|Publication number||US4326561 A|
|Application number||US 06/156,456|
|Publication date||Apr 27, 1982|
|Filing date||Jun 4, 1980|
|Priority date||Jun 4, 1980|
|Publication number||06156456, 156456, US 4326561 A, US 4326561A, US-A-4326561, US4326561 A, US4326561A|
|Inventors||Thomas A. Kutnyak|
|Original Assignee||Automation Industries, Inc.|
|Export Citation||BiBTeX, EndNote, RefMan|
|Patent Citations (6), Referenced by (47), Classifications (12), Legal Events (3)|
|External Links: USPTO, USPTO Assignment, Espacenet|
Flexible impermeable electrical wiring conduit is typically made of a single helically configured metal wall strip having forward and trailing edges which interlock in a movable fashion. A cord is commonly wound helically between the interlocked convolutions to space them apart. The construction has a corrugated appearance and a copper ground wire is often applied exteriorly within the outer helical indentation. The assembly is made moisture proof by a continuous outer jacket of extruded plastic.
End fittings are screwed into the end portions of the conduit and attached to an electrical box. In use electrical wires are pulled through the conduit and connected to terminals in the box with the conduit serving as protective armour and a ground for the wires.
Such prior art conduit does not have a smooth bore and snagging and abrasion sometimes occur as the wires are pulled through. The design is relatively heavy and not notably flexible. The strip convolutions cannot themselves be depended upon to provide a ground circuit and therefore the extra strand ground wire is needed, which only adds to the cost, weight and rigidity of the assembly.
The principal purpose of the present invention is to provide a lighter, less expensive more flexible electrical conduit which possesses all the required crush strength and grounding ability.
In accordance with the invention an electrical conduit comprises an inner channel and an outer channel each having forward and rearward side flanges joined by a connecting base. The inner channel is formed into a helical configuration of spaced convolutions with its flanges extending outwardly, and the outer channel is formed into a similar helical configuration with its flanges extending inwardly. The helical inner and outer channels are movably interlocked with the flanges of the outer channel disposed between the flanges of the inner channel. Spacing means are provided for holding the forward flange of the outer channel a minimum distance from the rearward flange of the inner channel and for holding the forward flange of the inner channel a minimum distance from the rearward flange of the outer channel. An outer circumferentially complete jacket surrounds all of the foregoing elements. When the conduit is bent the channel convolutions separate on the outside of the bend and come together on the inside of the bend.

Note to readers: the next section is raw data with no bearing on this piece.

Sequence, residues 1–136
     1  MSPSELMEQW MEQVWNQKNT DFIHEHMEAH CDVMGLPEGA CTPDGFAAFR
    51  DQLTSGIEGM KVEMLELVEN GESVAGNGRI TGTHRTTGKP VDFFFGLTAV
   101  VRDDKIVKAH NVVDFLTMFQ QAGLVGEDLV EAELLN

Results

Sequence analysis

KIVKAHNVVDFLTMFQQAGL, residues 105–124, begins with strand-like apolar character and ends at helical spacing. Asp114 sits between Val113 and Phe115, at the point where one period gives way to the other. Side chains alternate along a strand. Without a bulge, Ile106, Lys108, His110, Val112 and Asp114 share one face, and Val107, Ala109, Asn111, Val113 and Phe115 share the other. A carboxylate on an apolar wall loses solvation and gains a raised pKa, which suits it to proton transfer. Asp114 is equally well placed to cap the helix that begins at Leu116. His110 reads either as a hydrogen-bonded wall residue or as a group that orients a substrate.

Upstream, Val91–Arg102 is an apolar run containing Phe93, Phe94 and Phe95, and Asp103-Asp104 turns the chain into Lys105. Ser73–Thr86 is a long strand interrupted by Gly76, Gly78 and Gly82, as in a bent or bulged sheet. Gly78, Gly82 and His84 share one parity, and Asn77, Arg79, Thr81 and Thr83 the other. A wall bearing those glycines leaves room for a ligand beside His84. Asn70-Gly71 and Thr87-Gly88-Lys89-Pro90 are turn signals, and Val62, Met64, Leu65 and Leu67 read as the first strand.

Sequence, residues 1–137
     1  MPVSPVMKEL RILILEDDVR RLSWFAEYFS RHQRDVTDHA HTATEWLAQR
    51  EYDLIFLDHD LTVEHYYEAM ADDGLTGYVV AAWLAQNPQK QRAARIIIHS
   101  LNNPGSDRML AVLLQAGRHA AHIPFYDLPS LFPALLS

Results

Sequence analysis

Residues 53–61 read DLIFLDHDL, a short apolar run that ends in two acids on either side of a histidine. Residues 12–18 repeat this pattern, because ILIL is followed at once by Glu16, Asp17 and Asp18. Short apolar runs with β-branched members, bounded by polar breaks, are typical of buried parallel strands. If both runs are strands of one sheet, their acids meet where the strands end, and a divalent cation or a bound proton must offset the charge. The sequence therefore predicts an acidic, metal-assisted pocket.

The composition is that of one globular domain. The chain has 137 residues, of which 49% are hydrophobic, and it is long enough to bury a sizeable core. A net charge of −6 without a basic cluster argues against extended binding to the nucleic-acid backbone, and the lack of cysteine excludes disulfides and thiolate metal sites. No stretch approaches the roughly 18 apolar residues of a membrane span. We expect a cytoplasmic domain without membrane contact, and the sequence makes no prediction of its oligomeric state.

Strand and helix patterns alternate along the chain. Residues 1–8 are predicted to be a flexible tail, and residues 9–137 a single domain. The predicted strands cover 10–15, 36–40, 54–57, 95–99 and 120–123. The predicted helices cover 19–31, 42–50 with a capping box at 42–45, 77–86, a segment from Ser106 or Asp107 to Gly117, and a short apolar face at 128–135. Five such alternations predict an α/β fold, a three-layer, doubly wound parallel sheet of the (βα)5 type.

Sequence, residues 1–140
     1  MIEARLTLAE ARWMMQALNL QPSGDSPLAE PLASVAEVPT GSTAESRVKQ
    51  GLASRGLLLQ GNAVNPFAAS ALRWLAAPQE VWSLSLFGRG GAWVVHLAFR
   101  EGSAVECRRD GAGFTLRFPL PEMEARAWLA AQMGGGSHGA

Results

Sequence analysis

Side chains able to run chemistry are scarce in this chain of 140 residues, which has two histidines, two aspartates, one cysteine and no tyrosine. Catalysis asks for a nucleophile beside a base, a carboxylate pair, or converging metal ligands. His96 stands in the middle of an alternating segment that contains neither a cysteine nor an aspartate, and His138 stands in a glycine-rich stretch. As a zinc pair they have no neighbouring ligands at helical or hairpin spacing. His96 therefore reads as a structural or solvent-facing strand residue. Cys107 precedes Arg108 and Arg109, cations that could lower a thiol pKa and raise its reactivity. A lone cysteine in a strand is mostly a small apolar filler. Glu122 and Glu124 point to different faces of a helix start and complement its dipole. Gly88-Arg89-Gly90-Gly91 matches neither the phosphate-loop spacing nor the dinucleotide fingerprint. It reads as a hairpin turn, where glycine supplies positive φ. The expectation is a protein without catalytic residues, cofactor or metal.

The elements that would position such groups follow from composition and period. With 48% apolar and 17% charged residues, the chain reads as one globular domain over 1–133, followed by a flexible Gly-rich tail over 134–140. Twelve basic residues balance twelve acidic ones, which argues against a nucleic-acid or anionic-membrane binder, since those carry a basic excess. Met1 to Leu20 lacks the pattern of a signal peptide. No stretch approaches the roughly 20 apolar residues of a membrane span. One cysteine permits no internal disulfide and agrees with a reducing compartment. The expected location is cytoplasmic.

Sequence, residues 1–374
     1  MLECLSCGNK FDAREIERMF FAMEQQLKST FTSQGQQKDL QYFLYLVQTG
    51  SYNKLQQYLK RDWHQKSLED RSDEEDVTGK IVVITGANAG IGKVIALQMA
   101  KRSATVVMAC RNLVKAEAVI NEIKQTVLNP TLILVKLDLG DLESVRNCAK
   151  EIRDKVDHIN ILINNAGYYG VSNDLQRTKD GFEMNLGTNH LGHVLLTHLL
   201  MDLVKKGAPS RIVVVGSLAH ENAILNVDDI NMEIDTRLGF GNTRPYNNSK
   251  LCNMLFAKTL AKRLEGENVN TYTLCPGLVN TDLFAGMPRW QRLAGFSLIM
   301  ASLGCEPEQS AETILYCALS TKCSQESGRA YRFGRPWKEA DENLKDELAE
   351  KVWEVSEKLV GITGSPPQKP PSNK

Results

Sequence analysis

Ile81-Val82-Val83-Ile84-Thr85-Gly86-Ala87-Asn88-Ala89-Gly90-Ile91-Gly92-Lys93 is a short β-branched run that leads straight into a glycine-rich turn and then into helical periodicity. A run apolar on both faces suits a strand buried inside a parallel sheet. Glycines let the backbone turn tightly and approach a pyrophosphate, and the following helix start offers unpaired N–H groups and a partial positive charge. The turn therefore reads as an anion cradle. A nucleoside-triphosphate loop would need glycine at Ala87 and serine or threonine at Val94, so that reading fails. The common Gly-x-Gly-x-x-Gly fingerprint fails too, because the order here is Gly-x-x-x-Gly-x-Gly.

In a preferred form an elastic spacer strand having a squared off body is disposed between the forward and rearward flanges of the inner channel and together with the base of the inner channel form a smooth conduit bore. The forward and rearward edges of the inner channel being held in fixed relation to the spacer strand so that the spacer strand is compressed on the inside of a conduit bend and stretched on the outside of a conduit bend.
Superior electrical grounding is achieved by this construction since the channel turns make contact along four lines rather than two, namely along the edges of each of the two flanges of each of the two channels. The dual channel design provides versatility in metal selection and combinations of metals may be employed. It is strong design with high crush resistance and yet provides more flexibility than prior art conduits. An extra grounding wire is unnecessary and hence in assembly is lighter and less expensive.